Shoreless in wants, mist-girt in all it knows,
    Open to every wind of sect or clan,
    And sudden-passionate in ebbs and flows.

  3. The Boy Columbus

    by Madison Cawein

    And he had mused on lands each bird,—
    That winged from realms of Falerina,
    O'er seas of the Enchanted Sword,—
    In romance sang him, till he heard
    Vague foam on Islands of Alcina.

    For rich Levant and old Castile
    Let other seamen freight their galleys;
    With Polo he and Mandeville
    Through stranger seas a dreamy keel
    Sailed into wonder-peopled valleys.

    Far continents of flow'r and fruit,
    Of everlasting spring; where fountains
    'Mid flow'rs, with human faces, shoot;
    Where races dwell, both man and brute,
    In cities under golden mountains.

    Where cataracts their thunders hurl
    From heights the tempest has at mercy;
    Vast peaks that touch the moon, and whirl
    Their torrents down of gold and pearl;
    And forests strange as those of Circe.

    Let rapiered Love lute, in the shade
    Of royal gardens, to the Palace
    And Court, that haunt the balustrade
    Of terraces and still parade
    Their vanity and guile and malice.

    Him something calls diviner yet
    Than Love, more mighty than a lover;
    Heroic Truth that will not let
    Deed lag; a purpose, westward set,
    In eyes far-seeing to discover.

  4. Christopher Columbus

    by John B. Tabb

    With faith unshadowed by the night,
    Undazzled by the day,
    With hope that plumed thee for the flight,
    And courage to assay,
    God sent thee from the crowded ark,
    Christ-bearer, like the dove,
    To find, o'er sundering waters dark,
    New lands for conquering Love.

  5. Columbus

    by Helen L. Smith

    A harbor in a sunny, southern city;
    Ships at their anchor, riding in the lee;
    A little lad, with steadfast eyes, and dreamy,
    Who ever watched the waters lovingly.

    A group of sailors, quaintly garbed and bearded;
    Strange tales, that snared the fancy of the child:
    Of far-off lands, strange beasts, and birds, and people,
    Of storm and sea-fight, danger-filled and wild.

    And ever in the boyish soul was ringing
    The urging, surging challenge of the sea,
    To dare,—as these men dared, its wrath and danger,
    To learn,—as they, its charm and mystery.

    Columbus, by the sunny, southern harbor,
    You dreamed the dreams that manhood years made true;
    Thank God for men—their deeds have crowned the ages—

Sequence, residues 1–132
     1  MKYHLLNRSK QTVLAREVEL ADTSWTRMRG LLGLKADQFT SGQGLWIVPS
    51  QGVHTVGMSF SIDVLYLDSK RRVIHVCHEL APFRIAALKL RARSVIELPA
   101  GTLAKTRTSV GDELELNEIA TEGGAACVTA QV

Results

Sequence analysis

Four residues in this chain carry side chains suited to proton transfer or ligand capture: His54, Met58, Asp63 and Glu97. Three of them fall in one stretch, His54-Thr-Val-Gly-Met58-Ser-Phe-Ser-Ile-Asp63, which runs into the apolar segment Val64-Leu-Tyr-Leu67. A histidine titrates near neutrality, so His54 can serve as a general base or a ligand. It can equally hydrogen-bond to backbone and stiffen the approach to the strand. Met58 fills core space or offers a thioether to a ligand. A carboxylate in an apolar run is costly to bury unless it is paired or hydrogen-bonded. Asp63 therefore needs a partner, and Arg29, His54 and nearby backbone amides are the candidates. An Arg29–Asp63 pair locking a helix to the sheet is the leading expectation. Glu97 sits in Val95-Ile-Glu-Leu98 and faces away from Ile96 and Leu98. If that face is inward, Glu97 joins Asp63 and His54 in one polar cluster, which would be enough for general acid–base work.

Who once were little dreamy lads like you.

  6. Christopher Columbus

    by Joanna Baillie

    On Palos’ shore, whose crowded strand
    Bore priests and nobles of the land,
    And rustic hinds and townsmen trim,
    And harnessed soldiers stern and grim,
    And lowly maids and dames of pride,
    And infants by their mother’s side,—
    The boldest seaman stood that e’er
    Did bark or ship through tempest steer;
    And wise as bold, and good as wise;
    The magnet of a thousand eyes,
    That on his form and features cast;
    His noble mien and simple guise,
    In wonder seemed to look their last.
    A form which conscious worth is gracing,
    A face where hope, the lines effacing
    Of thought and care, bestowed, in truth,
    To the quick eyes’ imperfect tracing
    The look and air of youth.

    The signal given, with hasty strides
    The sailors climbed their ships’ dark sides;
    Their anchors weighed; and from the shore
    Each stately vessel slowly bore.
    High o’er the deeply shadowed flood,
    Upon his deck their leader stood,
    And turned him to the parted land,
    And bowed his head and waved his hand.
    And then, along the crowded strand,
    A sound of many sounds combined,
    That waxed and waned upon the wind,
    Burst like heaven’s thunder, deep and grand;
    A lengthened peal, which paused, and then
    Renewed, like that which loathly parts,
    Oft on the ear returned again,
    The impulse of a thousand hearts.
    But as the lengthened shouts subside,
    Distincter accents strike the ear,
    Wafting across the current wide,
    Heart-uttered words of parting cheer:
    “O, shall we ever see again
    Those gallant souls recross the main?
    God keep the brave! God be their guide!
    God bear them safe through storm and tide!
    Their sails with favoring breezes swell!
    O brave Columbus! fare thee well!”